A Commentary by John Stott
1 Timothy 5:19-20. b) Fairness.
Paul now turns from good pastors who deserve appreciation to bad ones who may deserve a rebuke. He addresses himself to what we call ‘grievance procedures’, for the situation envisaged is one in which a complaint or accusation is made to Timothy about an elder. Paul gives him two complementary directions, first when a presbyter is accused of something (19) and secondly when he is found guilty (20).
First *Do not entertain an accusation against an elder unless it is brought by two or three witnesses* (19). That is, it must be substantiated by several people. In the Old Testament two or three witnesses were required to sustain a charge and secure a conviction (Dt.19:15) especially in regard to a capital charge (Dt.17:6). The same principle applies in New Testament times (E.g. 2 Cor.13:1; cf. Mt.18:16), in particular when Christian leaders are being accused. Indeed, two or three witnesses are to be required not only before an accusation is sustained, but before it is entertained at all.
This practical regulation is necessary for the protection of pastoral leaders, who are vulnerable to slander. ‘None are more exposed to slander and insults’, wrote Calvin, ‘than godly teachers.’ They may perform their duties correctly and conscientiously, yet ‘they never avoid a thousand criticisms’. For the enemies of the gospel often take vengeance on the ministers of the gospel. A smear campaign can completely ruin a leader’s ministry. So Paul’s first word to Timothy is that he must never listen to gossip about leaders, or even to a serious accusation if it is made by only one person. Every charge must be endorsed by several responsible people before it is even listened to. Adherence to this biblical principle would have silenced many a malicious talebearer and saved many pastors from unjust criticism and unnecessary suffering.
Secondly, if an accusation against an elder is not only confirmed by two or three witnesses, but is ‘actually proved’ (JBP), and if (it is implied) the presbyters concerned, though admonished privately, refuse to repent but ‘persist in sin’ (as RSV renders the tense), then the sadness and the scandal of a public showdown cannot be avoided. The offenders *are to be rebuked publicly, so that the others may take warning* (20). Such a public rebuke, though an effective deterrent, must be the last resort, however. It is a safe rule that private sins should be dealt with privately, and only public sins publicly. It is neither right nor necessary to make what is private public, until all other possibilities have been exhausted (Mt.18:15ff.).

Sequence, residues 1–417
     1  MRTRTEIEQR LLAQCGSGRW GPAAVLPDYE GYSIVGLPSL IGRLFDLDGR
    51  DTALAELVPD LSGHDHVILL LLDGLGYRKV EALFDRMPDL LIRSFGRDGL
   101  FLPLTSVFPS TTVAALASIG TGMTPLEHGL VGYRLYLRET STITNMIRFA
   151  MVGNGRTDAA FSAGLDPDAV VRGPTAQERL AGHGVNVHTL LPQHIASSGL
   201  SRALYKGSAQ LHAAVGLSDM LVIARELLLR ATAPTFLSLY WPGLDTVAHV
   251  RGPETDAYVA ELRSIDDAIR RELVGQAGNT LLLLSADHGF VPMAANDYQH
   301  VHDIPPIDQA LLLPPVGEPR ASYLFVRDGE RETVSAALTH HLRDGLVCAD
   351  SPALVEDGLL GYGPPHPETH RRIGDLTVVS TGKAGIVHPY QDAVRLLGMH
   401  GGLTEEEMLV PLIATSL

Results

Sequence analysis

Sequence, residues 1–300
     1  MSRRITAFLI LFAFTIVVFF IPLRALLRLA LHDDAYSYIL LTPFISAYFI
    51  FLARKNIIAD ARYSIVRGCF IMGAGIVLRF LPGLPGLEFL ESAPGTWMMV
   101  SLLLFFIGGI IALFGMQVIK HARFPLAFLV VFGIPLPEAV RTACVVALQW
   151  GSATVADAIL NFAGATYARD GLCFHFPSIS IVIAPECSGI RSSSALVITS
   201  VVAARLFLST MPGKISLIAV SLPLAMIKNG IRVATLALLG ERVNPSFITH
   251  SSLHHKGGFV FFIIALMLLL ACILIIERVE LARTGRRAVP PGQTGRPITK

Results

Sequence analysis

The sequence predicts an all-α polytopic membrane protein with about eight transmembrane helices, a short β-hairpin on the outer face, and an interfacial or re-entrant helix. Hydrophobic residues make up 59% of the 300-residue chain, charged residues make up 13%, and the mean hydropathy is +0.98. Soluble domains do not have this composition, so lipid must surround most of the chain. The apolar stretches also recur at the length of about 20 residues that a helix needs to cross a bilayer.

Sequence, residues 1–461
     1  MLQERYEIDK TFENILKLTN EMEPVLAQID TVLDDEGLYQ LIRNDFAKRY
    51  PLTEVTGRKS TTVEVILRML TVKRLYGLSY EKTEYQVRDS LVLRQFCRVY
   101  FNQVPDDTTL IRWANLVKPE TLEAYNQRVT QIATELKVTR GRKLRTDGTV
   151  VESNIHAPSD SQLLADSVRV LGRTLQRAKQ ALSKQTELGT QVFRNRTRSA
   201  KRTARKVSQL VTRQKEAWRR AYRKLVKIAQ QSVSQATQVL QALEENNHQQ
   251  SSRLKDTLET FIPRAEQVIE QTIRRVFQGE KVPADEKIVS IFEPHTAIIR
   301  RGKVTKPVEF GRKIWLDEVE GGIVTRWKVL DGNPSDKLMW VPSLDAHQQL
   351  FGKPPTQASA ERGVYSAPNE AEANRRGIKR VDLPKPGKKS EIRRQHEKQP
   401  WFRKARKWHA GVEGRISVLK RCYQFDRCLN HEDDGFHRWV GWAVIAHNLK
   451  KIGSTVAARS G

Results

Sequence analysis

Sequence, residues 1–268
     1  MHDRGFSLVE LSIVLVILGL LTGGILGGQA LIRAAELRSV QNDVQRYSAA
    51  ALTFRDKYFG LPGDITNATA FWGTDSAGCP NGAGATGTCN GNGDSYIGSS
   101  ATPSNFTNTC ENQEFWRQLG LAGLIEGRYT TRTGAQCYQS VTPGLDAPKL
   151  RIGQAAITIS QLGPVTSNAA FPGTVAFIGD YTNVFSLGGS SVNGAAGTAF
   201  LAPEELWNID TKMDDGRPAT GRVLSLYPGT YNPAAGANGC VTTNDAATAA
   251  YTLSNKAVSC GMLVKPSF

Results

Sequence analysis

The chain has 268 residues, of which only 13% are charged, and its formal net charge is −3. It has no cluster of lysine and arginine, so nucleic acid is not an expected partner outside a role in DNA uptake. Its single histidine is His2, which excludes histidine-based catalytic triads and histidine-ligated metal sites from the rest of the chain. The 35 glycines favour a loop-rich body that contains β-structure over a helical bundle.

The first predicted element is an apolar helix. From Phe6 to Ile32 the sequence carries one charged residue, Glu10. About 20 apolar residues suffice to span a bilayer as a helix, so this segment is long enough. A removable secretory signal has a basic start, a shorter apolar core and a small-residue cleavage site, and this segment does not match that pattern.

Verses 19 and 20, then, belong together. Timothy must neither listen to frivolous accusations nor refuse to take serious situations seriously. In the area of discipline he must be scrupulously fair, ‘cautious in accusing and bold in rebuking’, as the situation demands.
c) Impartiality (5:21).
Paul now issues a charge to Timothy couched in the most solemn possible terms. He backs up his own authority as an apostle (*I charge you*) with the combined authority of heaven, of those ‘who will judge the living and the dead’ (2 Tim.4:1). He speaks *in the sight of God*, who ‘does not show favouritism’ (Rom.2:11) and of *Christ Jesus*, ‘the future Judge of all earthly judges’, and of *the elect angels*, the faithful as opposed to the fallen.
And what is his charge? It is *to keep these instructions*, namely the principles governing the treatment of elders, which he has just outlined in verses 17-20, and to do so with absolute fairness and without any taint of injustice. Two negatives are emphasized. The first is *without partiality*, literally ‘apart from pre-judgment’ (*prokrima*), that is, without jumping to conclusions of either guilt or innocence. And the second negative injunction is *to do nothing out of favouritism* (21). In the work of a bishop, superintendent or other Christian leader one of the worst sins is favouritism, and one of the most vital virtues is impartiality. Yet church history has been stained by gross favouritism, as church dignitaries have granted special favours to their relatives (nepotism), to members of their own caste, class or tribe, to people they happen to like, irrespective of their gifts or godliness, or to those to whom for some reason or other (even bribery) they are indebted.
Tomorrow: 1 Timothy 5:22-23 d). Caution
The John Stott Bible Study is taken from The Message of 1 Timothy. The Bible Speaks Today John Stott. Used by permission of Inter-Varsity Press UK, Nottingham. All rights reserved.